I choose not to vote because the time (however minuscule) it takes to research candidates and vote is better spent elsewhere, namely in my own community. I find value and results when I apply my energy and passion into my local community and create solutions that empower myself and those closest to me. Although I have philosophical arguments against voting itself I do think those who focus their energies locally will find times that organizing and voting can be effective to reduce government intrusion in our lives. I absolutely do not think voting (on any level) should be used to force your particular solutions on other free humans.

I also want to stress that there is no “political revolution” taking place. You are being duped. The very idea is an oxymoron. Specifically, the idea of a an electoral revolution is preposterous. However, as Steven Horowitz has brilliantly pointed out, politics is more than elections and voting. Horowitz writes:

“When we write a letter to the editor, share a story or a meme on social media, talk about US foreign policy with friends over a drink, or step into our classrooms to teach economics to college students, we are being political. Every time we engage in the conversation about what is wrong with the world we live in and how we might make it better, wealthier, more just, or more peaceful, we are being political.

Elections and voting are neither the most important elements of politics nor the sum total thereof. That’s too narrow a conception and one that even libertarians should reject. If anything, we understand correctly that voting might be the least important and least effective kind of political action.”

A true revolution – an evolution that propels humanity forward – is not going to come from the ballot box. The establishment would like you to believe such a thing is possible, that voting for a president is power, but this is actually an act of giving away your power.

However, this is not a message of doom and gloom. This is a message of empowerment. YOU ARE POWER. The moment we stop giving away our power and believing that this system offers us any hope for a better future, the sooner we can embrace and heal ourselves and our communities. From there we will flourish.

What’s your solution???

When I talk about Anarchism and stateless societies as a solution to the crimes and failures of the State and our current condition I am often asked how we can get to an Anarchist society or if it would even be a preferable alternative. I do not necessarily believe in making prescriptions for what an Anarchist world might look like (especially because none of us will know until we build it) but I do believe in a particular strategy to get there. I believe part of the solution lies in Agorism and Counter-Economics.

Agorism and Counter-Economics are strategies to reduce our dependency on the mainstream systems of governance, food production, media, health, etc. The goal is to remove our consent from systems we do not support and to create new methods of protection, production, and growth that are based in local communities.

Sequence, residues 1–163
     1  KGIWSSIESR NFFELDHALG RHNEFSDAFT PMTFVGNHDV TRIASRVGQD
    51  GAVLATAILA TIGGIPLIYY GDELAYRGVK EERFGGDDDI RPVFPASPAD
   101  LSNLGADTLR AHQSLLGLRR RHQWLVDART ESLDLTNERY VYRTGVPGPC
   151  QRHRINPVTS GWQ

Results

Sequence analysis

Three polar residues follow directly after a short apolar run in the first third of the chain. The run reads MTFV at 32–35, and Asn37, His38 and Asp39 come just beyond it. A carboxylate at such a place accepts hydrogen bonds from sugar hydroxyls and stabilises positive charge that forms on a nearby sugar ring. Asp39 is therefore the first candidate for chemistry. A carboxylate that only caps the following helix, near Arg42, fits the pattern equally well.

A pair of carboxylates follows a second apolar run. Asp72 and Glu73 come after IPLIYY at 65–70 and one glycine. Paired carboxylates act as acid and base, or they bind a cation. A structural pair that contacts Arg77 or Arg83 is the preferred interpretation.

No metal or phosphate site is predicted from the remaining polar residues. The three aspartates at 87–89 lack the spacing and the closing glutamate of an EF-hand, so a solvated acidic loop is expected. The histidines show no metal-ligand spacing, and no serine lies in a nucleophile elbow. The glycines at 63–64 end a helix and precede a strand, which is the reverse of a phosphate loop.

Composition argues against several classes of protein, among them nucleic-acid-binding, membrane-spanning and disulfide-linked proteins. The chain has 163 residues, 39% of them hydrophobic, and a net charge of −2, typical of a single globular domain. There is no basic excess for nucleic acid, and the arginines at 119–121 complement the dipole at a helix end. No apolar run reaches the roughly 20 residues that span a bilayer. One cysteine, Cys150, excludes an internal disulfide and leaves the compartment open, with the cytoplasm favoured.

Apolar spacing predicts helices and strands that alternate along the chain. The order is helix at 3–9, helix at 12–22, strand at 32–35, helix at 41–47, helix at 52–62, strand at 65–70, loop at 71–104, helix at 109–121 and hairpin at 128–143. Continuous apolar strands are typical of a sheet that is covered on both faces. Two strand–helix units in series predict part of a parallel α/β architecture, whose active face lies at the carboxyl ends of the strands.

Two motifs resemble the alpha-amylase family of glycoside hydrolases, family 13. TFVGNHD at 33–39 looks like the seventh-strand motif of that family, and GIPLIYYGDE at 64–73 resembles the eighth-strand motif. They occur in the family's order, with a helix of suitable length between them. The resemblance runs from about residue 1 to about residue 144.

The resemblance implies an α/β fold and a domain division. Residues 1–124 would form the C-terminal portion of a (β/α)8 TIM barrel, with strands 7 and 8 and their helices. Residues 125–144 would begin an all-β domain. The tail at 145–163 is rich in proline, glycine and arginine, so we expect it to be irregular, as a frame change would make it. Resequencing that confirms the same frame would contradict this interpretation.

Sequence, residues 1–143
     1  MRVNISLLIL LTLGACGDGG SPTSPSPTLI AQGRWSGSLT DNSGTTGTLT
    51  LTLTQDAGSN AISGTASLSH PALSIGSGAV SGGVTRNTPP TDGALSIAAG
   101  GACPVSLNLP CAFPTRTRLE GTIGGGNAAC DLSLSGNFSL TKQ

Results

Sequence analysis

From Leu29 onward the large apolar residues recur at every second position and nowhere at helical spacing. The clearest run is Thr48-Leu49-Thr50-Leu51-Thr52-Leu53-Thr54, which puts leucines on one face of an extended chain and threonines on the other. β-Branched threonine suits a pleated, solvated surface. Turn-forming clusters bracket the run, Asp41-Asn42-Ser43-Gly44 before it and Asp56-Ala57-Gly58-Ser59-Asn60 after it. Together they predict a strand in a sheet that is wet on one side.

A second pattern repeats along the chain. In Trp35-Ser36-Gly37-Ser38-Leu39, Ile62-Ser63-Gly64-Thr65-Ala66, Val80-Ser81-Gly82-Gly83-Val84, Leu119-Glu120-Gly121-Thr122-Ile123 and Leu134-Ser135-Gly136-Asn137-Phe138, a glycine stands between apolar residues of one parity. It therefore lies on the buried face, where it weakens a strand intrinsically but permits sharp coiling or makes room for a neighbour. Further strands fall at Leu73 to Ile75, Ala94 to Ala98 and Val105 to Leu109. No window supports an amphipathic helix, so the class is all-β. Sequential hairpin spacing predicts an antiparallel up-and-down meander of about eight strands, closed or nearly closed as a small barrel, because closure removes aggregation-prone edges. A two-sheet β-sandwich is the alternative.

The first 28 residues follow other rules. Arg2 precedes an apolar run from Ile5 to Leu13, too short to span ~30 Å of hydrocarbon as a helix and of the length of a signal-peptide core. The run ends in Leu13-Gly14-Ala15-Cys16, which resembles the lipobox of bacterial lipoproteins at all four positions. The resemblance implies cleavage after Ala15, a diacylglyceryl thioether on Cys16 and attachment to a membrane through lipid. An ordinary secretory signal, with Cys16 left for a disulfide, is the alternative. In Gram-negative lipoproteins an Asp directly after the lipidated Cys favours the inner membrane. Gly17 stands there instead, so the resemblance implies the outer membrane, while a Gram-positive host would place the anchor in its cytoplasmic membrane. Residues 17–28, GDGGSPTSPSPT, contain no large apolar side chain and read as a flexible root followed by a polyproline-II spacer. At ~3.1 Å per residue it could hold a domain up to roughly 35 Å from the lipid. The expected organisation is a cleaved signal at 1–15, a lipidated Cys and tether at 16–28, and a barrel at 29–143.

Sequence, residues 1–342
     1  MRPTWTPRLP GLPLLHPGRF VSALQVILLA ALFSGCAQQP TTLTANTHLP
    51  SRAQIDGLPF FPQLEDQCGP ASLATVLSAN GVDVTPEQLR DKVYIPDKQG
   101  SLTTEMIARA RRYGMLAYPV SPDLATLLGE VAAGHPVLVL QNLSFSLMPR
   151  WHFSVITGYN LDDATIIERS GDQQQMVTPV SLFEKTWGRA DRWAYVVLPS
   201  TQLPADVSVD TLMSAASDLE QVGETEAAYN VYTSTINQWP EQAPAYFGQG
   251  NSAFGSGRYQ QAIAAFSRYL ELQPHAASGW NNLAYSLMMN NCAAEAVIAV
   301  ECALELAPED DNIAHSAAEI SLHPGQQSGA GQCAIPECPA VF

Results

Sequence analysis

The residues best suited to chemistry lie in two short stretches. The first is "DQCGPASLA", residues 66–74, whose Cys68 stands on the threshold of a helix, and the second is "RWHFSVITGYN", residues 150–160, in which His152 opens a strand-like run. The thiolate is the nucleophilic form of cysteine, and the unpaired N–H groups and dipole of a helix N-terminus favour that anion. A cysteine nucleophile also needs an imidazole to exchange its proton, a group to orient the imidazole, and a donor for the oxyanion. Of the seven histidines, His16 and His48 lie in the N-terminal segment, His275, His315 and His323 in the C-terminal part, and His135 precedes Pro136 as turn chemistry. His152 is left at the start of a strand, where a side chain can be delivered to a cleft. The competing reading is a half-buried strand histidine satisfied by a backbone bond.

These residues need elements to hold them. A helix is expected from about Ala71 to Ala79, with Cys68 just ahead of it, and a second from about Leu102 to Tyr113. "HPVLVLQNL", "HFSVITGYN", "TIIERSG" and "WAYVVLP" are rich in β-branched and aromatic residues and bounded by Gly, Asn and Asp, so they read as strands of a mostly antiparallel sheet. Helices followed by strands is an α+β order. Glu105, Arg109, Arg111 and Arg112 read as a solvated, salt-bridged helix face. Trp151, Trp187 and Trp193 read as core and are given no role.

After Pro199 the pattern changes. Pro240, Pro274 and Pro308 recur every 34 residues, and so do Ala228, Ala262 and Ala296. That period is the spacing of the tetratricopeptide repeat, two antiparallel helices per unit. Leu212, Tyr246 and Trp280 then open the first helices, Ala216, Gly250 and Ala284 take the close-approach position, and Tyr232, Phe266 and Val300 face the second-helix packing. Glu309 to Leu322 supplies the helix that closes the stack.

Please do not assume that non-voting, and removing yourself from the system means apathy or failure. By removing ourselves from the systems we do not support and building new alternatives outside of the State apparatus we are creating the world we want. We need propagation of this message as much as we need creation of Agorist alternatives to the Statist economy.

In addition we also need active non-compliance, resistance campaigns at every level, on every front. I believe Agorist methods and the creation of pockets of Agoras (counter-economic exchanges) and Freedom Cells (organized collectives of 8-10 people focused on sharing skills, and educating each other on sustainable methods of living) are at least part of the solution towards a better world.

I am not simply preaching from behind a computer screen. These are real world strategies that I plan to employ over the coming years. Here is an outline of my goals for the next few years:

Step 1: Propagate the message with anti political/non political rhetoric

step 2: Build and create alternatives, organization hrough localism, agorist gray and black market ventures, community farms, entrepreneurship not based in the statist economy

Step 3: Land experiments, reclaiming abandoned lots, putting the principles of sovereignty of the individual, permaculture, sustainability, the NAP, etc in action on a communal level.

Step 4: Practice all steps simultaneously and document the whole process. Record outcomes and share with the public.

I believe the United States is at a pivotal moment where the population may continue to play the game and put their faith in a candidate for another four years only to be disappointed yet again. My goal is not to shame those who vote but to encourage each of us to find ways in which we can directly engage and empower our communities rather than simply putting faith into politicians every couple years. I fully believe that we are capable of creating new systems of organization and abundance that have the potential to completely radicalize our experience of liberty.

If you are interested in these ideas please contact me. If you want to know more about this please watch this interview with James Corbett of The Corbett Report. You can also read my book for more of my ideas on solutions.